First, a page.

Benefits of ‘off the record’ discussions

Talking ‘off the record’ allows for a frank discussion without the risk of it being used in evidence before a court or employment tribunal.

Otherwise, if the employer asks the employee whether they would be interested in an agreed exit, the employee could resign and claim constructive unfair dismissal. Alternatively, if the employee is dismissed further down the line, the employee could use this conversation in an unfair dismissal claim to show that the performance management process was a sham and the employer ‘wanted them out’ all along.

When are conversations ‘off the record’?

If there is a dispute with the employee, the ‘without prejudice’ rule may apply to communications genuinely aimed at resolving the dispute through settlement. Such conversations cannot be shared with a tribunal if the negotiations fall through. This would apply to all types of employment claims, but does not apply in exceptional circumstances such as where the communications involve fraud or blackmail.

If there is no dispute with the employee, and provided certain conditions are met, an employer can have what are known as ‘protected conversations’ without the risk of the conversation coming back to haunt them.

A word of warning; this protection only applies to unfair dismissal claims and discussions before the employee has left. If the employee has other potential claims, such as for discrimination, the conversation could form evidence in a tribunal. This creates an element of uncertainty as the extent of potential claims may not be known. The protection also does not apply if the discussions involve ‘improper behaviour’.

We can talk you through the timing and what you need to cover to make sure conversations are ‘off the record’.

Non-disclosure agreements

The #MeToo movement shone a light on the use of non-disclosure agreements (NDAs) to cover up harassment and discrimination by silencing victims. Settlement agreements usually include confidentiality clauses preventing both parties from discussing the agreement or its terms. Confidentiality clauses cannot, as a matter of law, prevent an individual from ‘whistleblowing’ or reporting anything to the police, and any wording suggesting this is void.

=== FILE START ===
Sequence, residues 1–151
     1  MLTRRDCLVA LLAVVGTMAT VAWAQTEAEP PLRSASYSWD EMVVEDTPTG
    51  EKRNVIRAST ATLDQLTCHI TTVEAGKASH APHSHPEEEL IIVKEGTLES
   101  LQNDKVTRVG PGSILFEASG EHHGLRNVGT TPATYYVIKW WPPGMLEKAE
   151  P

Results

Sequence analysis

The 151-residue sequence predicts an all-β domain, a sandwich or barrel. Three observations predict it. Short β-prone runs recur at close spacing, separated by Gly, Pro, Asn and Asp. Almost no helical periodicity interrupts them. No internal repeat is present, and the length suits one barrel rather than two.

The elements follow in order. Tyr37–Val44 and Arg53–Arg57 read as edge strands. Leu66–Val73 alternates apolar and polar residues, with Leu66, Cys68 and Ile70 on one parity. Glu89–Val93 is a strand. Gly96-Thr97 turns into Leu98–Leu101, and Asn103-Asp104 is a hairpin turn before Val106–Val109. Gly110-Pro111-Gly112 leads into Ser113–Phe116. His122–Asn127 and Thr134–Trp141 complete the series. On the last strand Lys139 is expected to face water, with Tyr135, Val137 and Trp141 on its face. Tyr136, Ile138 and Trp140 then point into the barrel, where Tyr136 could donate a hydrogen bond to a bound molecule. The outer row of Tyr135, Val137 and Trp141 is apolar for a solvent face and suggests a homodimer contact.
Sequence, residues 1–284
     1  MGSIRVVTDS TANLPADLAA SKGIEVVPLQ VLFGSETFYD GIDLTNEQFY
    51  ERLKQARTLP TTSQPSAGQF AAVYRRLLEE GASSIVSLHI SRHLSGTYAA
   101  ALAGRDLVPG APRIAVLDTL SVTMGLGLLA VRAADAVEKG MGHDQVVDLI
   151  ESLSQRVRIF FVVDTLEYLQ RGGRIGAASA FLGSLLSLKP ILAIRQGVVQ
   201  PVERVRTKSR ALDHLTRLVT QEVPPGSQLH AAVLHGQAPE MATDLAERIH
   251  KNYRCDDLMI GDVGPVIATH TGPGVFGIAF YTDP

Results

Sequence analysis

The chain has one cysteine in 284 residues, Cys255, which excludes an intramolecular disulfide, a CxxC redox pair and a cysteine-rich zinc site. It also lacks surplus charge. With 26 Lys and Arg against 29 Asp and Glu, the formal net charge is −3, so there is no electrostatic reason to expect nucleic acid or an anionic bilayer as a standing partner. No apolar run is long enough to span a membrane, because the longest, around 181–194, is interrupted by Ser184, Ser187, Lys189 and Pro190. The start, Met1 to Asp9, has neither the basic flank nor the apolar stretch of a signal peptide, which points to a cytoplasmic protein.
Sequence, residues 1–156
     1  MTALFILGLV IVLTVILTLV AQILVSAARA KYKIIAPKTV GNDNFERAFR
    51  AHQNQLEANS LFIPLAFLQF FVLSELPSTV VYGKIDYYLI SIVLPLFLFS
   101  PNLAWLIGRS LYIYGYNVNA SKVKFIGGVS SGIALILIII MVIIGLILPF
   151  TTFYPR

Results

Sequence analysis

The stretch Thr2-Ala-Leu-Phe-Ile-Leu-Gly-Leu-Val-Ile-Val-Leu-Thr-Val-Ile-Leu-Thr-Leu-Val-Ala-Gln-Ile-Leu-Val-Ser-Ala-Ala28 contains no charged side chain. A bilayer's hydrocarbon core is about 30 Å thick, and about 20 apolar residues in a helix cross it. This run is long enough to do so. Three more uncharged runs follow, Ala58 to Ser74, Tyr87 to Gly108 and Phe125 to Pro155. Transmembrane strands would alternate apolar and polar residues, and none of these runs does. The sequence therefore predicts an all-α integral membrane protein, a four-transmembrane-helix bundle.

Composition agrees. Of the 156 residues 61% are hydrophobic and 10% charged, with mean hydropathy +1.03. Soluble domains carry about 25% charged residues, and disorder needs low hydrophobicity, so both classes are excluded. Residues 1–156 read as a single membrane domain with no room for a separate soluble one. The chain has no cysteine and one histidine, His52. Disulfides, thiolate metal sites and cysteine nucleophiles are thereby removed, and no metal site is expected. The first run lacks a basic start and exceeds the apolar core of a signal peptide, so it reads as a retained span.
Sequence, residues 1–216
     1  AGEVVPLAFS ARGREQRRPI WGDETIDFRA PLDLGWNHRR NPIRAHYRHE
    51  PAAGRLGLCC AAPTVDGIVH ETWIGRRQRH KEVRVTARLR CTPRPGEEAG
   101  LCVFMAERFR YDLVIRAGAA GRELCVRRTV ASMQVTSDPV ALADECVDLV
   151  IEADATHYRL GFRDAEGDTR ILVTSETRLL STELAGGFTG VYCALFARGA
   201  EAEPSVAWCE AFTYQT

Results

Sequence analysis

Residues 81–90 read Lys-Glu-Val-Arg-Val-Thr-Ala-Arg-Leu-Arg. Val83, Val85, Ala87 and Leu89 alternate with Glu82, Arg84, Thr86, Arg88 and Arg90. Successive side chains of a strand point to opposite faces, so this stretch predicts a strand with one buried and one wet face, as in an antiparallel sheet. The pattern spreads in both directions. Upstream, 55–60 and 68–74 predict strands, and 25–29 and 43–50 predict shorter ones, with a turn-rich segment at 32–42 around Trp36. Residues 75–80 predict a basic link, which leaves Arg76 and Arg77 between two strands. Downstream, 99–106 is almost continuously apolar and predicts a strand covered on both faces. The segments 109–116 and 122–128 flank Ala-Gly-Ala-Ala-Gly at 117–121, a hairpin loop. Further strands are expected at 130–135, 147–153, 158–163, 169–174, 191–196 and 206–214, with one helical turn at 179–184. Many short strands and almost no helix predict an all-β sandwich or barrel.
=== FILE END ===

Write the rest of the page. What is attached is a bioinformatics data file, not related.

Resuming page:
Various reports and consultations have taken place on NDAs since the #MeToo campaign. This has resulted in guidance on the use of NDAs from Acas and the Equality and Human Rights Commission, along with guidance to solicitors from their professional bodies.

How we can help

There are ways to efficiently bring an employment relationship to an end and to keep risks to a minimum, but there are traps for the unwary. This is why we recommend you take legal advice and we can help with this.

For further information, please contact Linda in the employment team on 01730 268211 or email . We have offices in Petersfield Hampshire and Midhurst, West Sussex.

This article is for general information only and does not constitute legal or professional advice. Please note that the law may have changed since this article was published.